Will ‘stopping the boats’ end the suffering?
Jason Clare, Australia’s interior minister, has had a busy few days.Ever since a boat of asylum seekers capsized en route to Australia, he has been the public face of Australia’s government. In interview after interview, he has been the one updating news on the search – and telling people
Jason Clare, Australia’s interior minister, has had a busy few days.
Ever since a boat of asylum seekers capsized en route to Australia, he has been the public face of Australia’s government. In interview after interview, he has been the one updating news on the search – and telling people how the situation looks “increasingly grim”.
The latest deathtoll: 90 thought dead.
Clare has been assiduous, too, in virtually every interview to make a subtle but very deliberate point. When the boat sunk, it was “110 nautical miles north of Christmas Island, 109 nautical miles south of Indonesia”.
In other words, it was closer to Indonesia than Australia. If blame is to be apportioned, more should be directed towards the former country than the latter.
Explicitly, of course, there is no blame game. But, serious questions are being asked about the rescue and whether more could have been done earlier.
While the boat capsized and lives were lost on Thursday, the first call to Australia’s maritime safety agency came late on Tuesday night. Probably using a satellite phone, someone called to say the boat they were on, full of asylum seekers, was in trouble.
Straightaway, that tells you something about the sophistication of the people-smuggling operation that brings asylum seekers to Australia. Someone onboard each boat has a phone that works in the middle of the ocean. And, they know the right number to call.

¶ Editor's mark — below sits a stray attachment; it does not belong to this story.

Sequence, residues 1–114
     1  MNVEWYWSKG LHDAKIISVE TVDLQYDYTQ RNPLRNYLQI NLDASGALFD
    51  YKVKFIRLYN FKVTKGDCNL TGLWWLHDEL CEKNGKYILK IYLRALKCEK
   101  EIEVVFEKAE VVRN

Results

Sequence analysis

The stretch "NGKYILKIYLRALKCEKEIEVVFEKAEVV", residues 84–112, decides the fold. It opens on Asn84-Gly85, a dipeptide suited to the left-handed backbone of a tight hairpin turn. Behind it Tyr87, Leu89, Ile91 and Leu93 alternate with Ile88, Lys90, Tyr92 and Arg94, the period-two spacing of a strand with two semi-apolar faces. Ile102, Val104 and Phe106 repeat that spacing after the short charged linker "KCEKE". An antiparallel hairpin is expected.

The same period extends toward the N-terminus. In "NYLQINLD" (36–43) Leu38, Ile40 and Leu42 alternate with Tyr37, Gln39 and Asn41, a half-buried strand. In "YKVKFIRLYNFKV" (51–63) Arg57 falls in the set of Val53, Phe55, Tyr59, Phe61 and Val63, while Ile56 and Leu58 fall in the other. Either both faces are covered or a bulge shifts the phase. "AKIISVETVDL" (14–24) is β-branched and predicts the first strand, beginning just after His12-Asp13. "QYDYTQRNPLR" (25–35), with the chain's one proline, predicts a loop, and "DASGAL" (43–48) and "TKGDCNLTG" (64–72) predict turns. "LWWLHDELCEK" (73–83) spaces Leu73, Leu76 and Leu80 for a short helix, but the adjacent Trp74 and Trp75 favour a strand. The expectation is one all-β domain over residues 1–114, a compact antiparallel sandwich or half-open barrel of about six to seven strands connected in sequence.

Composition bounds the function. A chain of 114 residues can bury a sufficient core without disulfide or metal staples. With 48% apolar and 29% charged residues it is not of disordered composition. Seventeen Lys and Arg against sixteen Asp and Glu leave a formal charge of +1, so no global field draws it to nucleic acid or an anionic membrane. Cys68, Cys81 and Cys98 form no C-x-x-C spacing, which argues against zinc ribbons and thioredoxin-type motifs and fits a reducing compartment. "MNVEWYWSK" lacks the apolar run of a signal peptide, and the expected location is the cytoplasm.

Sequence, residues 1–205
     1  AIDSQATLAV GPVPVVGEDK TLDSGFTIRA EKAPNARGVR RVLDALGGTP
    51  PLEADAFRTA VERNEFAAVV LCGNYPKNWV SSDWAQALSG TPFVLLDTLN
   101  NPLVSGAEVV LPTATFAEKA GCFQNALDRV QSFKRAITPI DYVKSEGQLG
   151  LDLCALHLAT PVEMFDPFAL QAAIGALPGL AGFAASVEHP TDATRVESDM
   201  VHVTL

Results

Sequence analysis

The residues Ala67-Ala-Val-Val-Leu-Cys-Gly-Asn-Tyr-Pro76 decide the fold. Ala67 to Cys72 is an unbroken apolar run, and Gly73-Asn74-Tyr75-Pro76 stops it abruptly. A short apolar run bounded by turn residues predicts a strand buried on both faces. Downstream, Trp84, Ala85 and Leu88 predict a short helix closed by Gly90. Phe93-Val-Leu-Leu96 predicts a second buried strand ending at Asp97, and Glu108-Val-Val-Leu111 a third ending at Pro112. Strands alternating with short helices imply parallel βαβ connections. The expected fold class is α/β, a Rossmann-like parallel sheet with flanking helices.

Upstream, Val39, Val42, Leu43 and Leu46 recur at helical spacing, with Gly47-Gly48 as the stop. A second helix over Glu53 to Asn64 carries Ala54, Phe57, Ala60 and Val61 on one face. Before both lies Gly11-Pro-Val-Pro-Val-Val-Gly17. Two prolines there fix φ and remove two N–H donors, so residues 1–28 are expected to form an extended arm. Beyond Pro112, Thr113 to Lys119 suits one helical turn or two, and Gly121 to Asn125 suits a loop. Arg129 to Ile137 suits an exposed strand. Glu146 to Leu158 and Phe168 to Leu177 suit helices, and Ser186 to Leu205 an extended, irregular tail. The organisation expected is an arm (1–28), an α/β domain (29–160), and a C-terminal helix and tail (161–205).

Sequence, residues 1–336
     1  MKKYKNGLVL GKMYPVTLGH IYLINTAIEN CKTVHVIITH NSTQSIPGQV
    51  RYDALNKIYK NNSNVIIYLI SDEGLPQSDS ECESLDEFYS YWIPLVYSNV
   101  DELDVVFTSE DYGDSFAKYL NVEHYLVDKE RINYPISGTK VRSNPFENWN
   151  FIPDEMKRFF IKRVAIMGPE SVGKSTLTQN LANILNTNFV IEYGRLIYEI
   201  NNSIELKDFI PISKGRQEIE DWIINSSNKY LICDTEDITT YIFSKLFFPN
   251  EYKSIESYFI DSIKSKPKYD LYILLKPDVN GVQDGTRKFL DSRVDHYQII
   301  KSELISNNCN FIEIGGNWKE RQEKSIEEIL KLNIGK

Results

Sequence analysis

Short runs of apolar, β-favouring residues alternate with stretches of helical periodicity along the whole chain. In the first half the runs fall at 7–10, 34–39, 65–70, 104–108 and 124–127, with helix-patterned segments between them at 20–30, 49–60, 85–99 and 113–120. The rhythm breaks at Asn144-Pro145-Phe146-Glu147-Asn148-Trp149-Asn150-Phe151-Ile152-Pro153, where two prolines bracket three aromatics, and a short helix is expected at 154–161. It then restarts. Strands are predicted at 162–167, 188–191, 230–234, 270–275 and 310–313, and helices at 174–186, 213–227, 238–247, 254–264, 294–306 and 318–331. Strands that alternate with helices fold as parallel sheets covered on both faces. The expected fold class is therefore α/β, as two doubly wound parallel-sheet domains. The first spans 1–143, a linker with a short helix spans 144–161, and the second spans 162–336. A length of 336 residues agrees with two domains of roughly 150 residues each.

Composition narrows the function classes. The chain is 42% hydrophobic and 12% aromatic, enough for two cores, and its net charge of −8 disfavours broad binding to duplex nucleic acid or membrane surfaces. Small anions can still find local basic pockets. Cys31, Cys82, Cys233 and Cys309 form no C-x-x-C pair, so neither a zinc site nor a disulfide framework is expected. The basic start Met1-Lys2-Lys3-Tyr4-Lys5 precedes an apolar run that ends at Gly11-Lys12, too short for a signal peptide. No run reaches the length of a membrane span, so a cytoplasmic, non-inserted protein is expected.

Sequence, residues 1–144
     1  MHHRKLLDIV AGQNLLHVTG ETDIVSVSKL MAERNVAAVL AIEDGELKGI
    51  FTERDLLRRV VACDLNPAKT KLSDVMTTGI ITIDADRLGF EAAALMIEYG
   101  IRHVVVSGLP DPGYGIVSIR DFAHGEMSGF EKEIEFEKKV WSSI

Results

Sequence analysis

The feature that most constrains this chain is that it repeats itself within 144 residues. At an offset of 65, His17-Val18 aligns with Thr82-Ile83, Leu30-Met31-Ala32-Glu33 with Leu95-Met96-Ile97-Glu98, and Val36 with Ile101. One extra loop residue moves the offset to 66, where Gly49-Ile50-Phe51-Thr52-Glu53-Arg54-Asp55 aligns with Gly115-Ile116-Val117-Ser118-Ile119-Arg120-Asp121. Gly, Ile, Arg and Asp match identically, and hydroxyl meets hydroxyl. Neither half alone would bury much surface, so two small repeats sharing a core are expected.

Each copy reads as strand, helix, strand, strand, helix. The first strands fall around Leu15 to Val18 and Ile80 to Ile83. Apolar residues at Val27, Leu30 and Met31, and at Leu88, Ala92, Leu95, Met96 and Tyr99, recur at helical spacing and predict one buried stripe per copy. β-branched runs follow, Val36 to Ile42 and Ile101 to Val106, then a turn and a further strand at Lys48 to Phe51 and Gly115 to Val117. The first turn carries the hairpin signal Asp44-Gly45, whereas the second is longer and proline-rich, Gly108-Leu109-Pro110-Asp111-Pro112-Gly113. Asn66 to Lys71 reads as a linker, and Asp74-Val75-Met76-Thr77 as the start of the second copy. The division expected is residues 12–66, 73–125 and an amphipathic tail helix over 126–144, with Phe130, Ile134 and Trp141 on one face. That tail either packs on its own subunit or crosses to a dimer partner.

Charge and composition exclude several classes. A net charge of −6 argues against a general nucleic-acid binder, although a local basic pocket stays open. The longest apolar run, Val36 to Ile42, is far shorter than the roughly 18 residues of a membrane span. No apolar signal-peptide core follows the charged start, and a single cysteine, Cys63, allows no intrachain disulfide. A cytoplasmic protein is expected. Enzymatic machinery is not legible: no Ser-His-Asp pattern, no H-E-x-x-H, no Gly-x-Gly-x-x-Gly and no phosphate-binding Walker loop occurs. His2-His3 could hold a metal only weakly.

But if those onboard this boat expected quick assistance, they were wrong.
Australian authorities did not have a precise location for the boat. They alerted their own people and Indonesia’s to be on the lookout, but that was all.
On Wednesday, more calls came in, this time giving a precise location.
“Turn back,” they were told. They did not.
An Australian spotter plane saw the boat but decided, from the air, that it did not need immediate help.
It was only after yet more calls on Thursday that a spotter plane sent back different information. The boat had capsized. People were sitting on the hull. Australian rescue boats headed for the scene.
But for almost half the passengers, it was already too late.
‘No boats, no sinkings’
There will be an investigation into whether the rescue was adequate whether there was enough communication between Australia and Indonesia and whether the latter is equipped for the major rescues Australia expects of it.
But that investigation will take place with most politicians in Australia still saying the real culprits are the people smugglers who operate the boats in the first place.
“No boats”, they argue, “no sinkings”.
People smugglers, though, are simply providing a service.
If there were no asylum seekers to pay them, they would not operate the boats.
Anything that “stops the boats” hits the boats’ customers, the asylum seekers, as well as their providers.
While stopping the boats might lead to fewer deaths at sea, it would also keep asylum seekers in the places they are fleeing: refugees have described that option to me as a fate worse than death.
Any solution then that succeeds in stopping the boats, needs to offer – in parallel – a realistic pathway for people to apply, from abroad, for asylum in Australia.
Without this, while a “solution” might stop the boats, it will not do anything to stop the overall suffering.